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Android Cellphones Handhelds Open Source

Ask Slashdot: Best Free and Open Source Apps For Android? 134

First time accepted submitter aNonnyMouseCowered writes "One of my favorite freeware Android applications has been pulled from the Google Play app store. While I found a replacement for the app, I've decided to install only apps that won't become obsolete merely because of the developer's whim or lack of interest. With the exception of games, which I don't deem essential for work, I don't want to install potential abandonware even if they cost the pauperly sum of $0.00. My decision has thus far meant installing a relatively crude text editor like BusyBox's version of vi, rather than any one of those full-blown mobile office suites. I've found a short list of open source Android apps at Wikipedia, including the usual suspects, Firefox and the VLC media player. There are also links to two other sites at the end of the article. But even the more comprehensive listings have large gaps in them even when compared 'merely' to the programs available in a typical GNU/Linux repository. So can anyone recommend useful or even just fun Free, Libre and Open Source Software for an Android smartphone or tablet? Free virtual beer to those that can find links for FLOSS programs for editing audiovisual media (Blender for Android?) and documents more sophisticated than HTML."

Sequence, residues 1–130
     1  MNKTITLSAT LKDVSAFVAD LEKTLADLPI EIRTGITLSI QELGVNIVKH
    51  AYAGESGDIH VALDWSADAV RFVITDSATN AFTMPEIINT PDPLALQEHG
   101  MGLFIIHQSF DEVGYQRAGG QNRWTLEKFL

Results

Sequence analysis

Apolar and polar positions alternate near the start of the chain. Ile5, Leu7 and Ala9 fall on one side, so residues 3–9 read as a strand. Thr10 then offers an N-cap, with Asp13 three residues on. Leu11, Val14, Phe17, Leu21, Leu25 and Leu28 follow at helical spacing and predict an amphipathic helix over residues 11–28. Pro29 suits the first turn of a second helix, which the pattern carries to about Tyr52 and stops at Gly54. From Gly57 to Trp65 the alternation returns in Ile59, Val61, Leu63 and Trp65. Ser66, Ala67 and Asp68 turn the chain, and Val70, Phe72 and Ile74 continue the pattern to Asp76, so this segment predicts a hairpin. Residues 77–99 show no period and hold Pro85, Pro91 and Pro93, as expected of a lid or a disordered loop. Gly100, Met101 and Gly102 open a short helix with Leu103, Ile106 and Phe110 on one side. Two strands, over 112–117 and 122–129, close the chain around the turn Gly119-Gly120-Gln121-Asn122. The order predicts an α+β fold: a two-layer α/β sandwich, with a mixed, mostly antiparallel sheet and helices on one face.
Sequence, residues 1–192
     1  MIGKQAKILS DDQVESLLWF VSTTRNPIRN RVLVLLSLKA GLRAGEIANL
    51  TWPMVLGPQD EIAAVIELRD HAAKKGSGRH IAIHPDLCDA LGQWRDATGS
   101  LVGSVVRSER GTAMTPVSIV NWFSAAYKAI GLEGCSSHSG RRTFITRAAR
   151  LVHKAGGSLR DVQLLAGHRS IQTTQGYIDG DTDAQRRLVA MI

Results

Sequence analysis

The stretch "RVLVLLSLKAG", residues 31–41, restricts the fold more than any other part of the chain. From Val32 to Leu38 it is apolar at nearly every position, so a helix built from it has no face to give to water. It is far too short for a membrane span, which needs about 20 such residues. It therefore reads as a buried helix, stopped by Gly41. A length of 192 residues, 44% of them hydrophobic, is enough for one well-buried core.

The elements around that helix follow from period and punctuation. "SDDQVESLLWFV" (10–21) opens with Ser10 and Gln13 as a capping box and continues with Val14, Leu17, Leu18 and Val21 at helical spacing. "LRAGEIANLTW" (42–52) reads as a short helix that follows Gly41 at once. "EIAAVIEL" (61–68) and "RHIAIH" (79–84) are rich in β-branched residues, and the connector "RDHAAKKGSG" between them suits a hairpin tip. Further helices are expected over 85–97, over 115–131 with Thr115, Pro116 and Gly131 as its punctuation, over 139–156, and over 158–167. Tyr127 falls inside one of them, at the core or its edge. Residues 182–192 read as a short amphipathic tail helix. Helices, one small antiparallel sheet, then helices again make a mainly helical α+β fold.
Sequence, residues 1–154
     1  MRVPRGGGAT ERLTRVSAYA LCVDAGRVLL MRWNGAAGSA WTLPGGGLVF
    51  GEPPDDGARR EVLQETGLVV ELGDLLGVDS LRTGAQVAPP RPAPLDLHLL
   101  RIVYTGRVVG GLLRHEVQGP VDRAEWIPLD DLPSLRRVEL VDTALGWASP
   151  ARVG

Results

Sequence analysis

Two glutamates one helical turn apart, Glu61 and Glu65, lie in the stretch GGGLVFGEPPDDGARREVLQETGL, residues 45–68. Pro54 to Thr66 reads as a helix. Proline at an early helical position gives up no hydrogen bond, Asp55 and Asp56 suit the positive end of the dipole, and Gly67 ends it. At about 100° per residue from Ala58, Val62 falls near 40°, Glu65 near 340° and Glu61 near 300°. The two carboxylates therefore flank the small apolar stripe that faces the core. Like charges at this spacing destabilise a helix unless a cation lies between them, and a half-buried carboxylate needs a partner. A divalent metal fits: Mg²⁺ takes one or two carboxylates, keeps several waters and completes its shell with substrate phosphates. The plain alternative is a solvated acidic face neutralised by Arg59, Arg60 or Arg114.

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Ask Slashdot: Best Free and Open Source Apps For Android?

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  • Re:Wait, what? (Score:4, Interesting)

    by MacDork ( 560499 ) on Monday January 28, 2013 @11:24AM (#42715277) Journal

    they are really only good at content consumption

    I've installed ubuntu on my SGSIII. With a bluetooth keyboard, mouse, and 23' TV, it makes a half decent desktop. I'm looking forward to the faster processors this year. If they're fast enough, I may ditch my laptop. A padphone type device with a keyboard would be ideal.

  • Re:It seems arrogant (Score:4, Interesting)

    by rknop ( 240417 ) on Monday January 28, 2013 @11:33AM (#42715377) Homepage

    Free, open-source program repositories are littered with abandonware. That is one of the real hurdles for open-source adoption in enterprises

    While strictly true, there is a difference. If something is proprietary, and the developer either goes out of business or decides not to update it any more, and if the developer doesn't sell or otherwise give away the rights, that's it. You're done. The app cannot legally be updated any more, and often can't even legally be available.

    With free software, however, there's no guarantee that it will continue to be updated. However, it's at least possible. This is a huge difference. This is why it was so great that Blender went Free Software when it's company gave up on it; there would be no Blender now if it weren't for the fact that it went free.

"If it's not loud, it doesn't work!" -- Blank Reg, from "Max Headroom"